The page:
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Grammarly is no longer dyslexic friendly - I need an alternitive

 
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Finally, I found the proof of what I've been suspecting for the last three years, that the spell-checking software Grammarly is no longer dyslexic-friendly.  

I loved Grammarly for years because its system helped me not only improve my writing but actually learn new spelling.  But this stopped a few years ago when my spelling started getting worse.  There were words that I went out of my way to get right and google the definitions, then I write the post,  then click through and accept the spelling changes that Grammarly suggested - being so dyslexic I can't tell if it's right or not, but it had a red squiggle, so it must be wrong.  I am heavily dependent on technology to communicate in writing and now I feel betrayed.  The spelling of my published work not only has more errors, but I'm making more errors pre-spellcheck.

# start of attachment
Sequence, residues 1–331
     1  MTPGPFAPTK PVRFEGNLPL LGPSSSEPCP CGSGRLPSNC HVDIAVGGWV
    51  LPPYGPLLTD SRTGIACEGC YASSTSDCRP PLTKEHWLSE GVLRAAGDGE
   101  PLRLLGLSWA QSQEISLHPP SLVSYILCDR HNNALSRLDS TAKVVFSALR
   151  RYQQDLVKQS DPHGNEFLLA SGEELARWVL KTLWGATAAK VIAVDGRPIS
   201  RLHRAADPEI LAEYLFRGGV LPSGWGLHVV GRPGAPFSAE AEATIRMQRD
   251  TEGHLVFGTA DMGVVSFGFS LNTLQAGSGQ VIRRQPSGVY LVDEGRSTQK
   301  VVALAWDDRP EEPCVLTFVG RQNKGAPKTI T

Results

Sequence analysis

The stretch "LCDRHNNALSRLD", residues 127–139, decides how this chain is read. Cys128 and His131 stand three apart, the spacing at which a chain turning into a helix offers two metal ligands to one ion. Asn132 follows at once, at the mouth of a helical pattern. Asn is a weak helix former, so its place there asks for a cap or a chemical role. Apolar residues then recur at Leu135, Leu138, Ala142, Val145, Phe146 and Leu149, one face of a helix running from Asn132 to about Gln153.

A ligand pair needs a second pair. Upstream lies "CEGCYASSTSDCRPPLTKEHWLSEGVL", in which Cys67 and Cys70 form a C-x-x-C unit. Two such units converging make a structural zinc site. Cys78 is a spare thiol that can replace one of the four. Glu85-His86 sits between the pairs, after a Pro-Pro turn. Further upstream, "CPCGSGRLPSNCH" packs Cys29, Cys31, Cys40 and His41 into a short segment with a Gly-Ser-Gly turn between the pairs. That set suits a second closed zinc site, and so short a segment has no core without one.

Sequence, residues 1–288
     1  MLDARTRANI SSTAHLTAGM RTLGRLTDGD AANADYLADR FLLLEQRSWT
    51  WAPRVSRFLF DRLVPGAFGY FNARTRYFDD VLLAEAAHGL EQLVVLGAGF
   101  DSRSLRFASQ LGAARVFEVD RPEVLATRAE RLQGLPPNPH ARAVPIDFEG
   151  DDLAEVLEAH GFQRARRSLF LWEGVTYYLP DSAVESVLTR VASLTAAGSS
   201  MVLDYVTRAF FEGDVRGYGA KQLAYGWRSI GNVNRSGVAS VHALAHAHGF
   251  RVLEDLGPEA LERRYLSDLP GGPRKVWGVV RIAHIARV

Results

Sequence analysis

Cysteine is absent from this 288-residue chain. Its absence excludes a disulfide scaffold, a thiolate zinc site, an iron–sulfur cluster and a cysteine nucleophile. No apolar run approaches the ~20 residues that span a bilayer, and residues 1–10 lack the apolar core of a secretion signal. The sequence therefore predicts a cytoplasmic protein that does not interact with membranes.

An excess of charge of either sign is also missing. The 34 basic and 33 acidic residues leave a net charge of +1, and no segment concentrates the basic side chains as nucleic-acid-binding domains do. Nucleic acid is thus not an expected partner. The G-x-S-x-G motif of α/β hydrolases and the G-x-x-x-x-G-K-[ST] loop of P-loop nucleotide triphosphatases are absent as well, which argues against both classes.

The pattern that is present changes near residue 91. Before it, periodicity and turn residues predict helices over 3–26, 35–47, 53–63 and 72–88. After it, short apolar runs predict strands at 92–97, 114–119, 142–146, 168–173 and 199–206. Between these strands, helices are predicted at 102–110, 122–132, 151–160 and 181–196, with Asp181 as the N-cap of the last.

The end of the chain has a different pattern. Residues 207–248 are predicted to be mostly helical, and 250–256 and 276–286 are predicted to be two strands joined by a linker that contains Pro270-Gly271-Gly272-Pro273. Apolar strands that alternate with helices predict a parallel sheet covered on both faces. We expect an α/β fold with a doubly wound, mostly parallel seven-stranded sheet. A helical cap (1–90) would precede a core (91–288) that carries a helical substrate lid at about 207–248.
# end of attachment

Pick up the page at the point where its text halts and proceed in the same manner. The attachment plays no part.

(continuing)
Something's changed.  And I finally found a good example of what.


My garden wants weeding.



That's where the problem happens.  Yes, the grammar is not standard to a Chicago style guide (which Grammarly seems to favour), but I choose that wording because I wanted to create a specific feel to that sentence and maintain a rhythm in the paragraph.

It used to be if I got the grammar wrong, I would be given a green squiggle and offered alternatives and a cryptic note of what grammatical rule I broke.  Same for contextual misspellings (two/too/to).  Green line, alternatives, explanation.